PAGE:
The complex, multilayered bureaucracies of state versus federal, and inter-federal agency and branch disputes over deregulation matters promise to get more complicated in the “foreseeable future.”

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New Hampshire’s North Woods provide rare relaxation

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The North Woods area of New Hampshire is such a distinctively relaxing American region. It reminded us of our travels through British Columbia.

At the Moose River RV Park in Saint Johnsbury, Vermont, locals told us to be extra careful driving on New Hampshire Highway 3. “Be very watchful of moose on the highway,” they said.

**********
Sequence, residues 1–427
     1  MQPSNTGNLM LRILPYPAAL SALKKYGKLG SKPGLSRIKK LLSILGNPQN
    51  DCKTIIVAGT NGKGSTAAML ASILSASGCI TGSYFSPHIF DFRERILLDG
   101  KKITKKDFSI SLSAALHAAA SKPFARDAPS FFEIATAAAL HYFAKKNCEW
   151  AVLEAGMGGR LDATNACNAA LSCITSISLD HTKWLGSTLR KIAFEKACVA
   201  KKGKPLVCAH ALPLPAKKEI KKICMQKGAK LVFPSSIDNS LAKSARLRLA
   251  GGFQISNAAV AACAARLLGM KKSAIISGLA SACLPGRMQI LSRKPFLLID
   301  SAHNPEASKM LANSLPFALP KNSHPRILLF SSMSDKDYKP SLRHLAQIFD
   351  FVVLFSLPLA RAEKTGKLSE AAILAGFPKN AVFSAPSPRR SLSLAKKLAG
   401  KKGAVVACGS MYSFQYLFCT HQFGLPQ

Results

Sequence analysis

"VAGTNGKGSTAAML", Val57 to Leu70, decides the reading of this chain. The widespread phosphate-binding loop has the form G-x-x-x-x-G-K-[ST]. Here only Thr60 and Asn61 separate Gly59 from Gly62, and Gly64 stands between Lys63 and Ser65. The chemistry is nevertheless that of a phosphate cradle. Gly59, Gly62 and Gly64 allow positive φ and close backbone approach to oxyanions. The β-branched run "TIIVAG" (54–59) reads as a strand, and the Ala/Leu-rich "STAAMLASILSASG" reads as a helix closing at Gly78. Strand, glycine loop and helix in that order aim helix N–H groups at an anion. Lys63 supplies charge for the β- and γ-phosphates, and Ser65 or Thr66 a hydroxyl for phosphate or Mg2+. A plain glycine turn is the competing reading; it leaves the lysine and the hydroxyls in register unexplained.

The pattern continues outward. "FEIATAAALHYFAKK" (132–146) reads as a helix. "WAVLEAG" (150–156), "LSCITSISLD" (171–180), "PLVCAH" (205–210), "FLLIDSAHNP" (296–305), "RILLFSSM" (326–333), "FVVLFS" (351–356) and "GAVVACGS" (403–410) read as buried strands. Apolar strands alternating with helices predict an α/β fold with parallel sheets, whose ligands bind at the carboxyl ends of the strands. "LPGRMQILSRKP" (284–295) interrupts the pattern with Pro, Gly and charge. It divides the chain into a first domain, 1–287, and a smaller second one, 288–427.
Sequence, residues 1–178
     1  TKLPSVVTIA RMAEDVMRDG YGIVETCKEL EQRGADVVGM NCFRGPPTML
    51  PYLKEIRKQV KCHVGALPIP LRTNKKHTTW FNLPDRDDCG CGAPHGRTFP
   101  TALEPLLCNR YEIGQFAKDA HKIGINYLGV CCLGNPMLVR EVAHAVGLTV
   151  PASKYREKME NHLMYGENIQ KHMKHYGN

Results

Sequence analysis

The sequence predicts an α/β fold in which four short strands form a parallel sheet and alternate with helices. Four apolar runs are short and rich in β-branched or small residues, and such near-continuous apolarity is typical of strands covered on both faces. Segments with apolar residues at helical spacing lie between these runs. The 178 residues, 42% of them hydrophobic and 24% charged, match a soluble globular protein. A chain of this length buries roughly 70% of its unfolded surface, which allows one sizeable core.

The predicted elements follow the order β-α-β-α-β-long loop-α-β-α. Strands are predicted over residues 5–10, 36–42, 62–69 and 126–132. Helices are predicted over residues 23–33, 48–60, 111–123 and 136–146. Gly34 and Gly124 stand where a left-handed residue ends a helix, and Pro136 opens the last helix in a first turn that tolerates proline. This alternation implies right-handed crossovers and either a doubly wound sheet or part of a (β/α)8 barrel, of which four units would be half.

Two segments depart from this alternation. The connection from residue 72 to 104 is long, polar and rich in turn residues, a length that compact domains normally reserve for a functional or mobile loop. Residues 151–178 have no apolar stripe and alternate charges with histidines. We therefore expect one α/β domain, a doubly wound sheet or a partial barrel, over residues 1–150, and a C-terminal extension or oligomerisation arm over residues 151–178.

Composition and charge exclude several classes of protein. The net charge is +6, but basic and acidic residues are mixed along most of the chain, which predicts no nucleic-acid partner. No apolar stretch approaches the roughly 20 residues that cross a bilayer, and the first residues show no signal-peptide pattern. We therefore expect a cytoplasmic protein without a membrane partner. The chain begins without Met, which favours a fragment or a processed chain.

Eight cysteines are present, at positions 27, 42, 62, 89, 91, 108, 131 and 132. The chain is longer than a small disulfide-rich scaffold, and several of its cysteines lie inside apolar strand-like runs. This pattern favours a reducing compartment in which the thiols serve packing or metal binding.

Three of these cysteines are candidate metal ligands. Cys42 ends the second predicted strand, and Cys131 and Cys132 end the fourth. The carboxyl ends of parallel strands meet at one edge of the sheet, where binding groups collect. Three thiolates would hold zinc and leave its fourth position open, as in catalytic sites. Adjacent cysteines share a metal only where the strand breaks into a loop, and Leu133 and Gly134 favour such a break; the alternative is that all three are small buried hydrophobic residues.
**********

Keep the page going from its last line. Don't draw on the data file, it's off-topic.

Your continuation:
It’s starting to sound more and more like British Columbia! The countryside with the meadows and wetlands is ideal for moose yet the only animal we saw was a squirrel crossing the road. Hardly a cause for an accident!

We traveled NH 3 on a winding narrow road, climbing to the highland summit, then descending into stunning valleys among unspoiled foothill ranges within a wilderness setting of pale blue skies. We listened to the sound of flowing mountain streams, while viewing green fields and meadows with multi-colored wildflowers.

There is something unique and soothing about wetlands and mountain meadows; besides being an ideal home for moose with the rich eerie song of the loon echoing across a clear lake, there is the sound of mountain relaxation.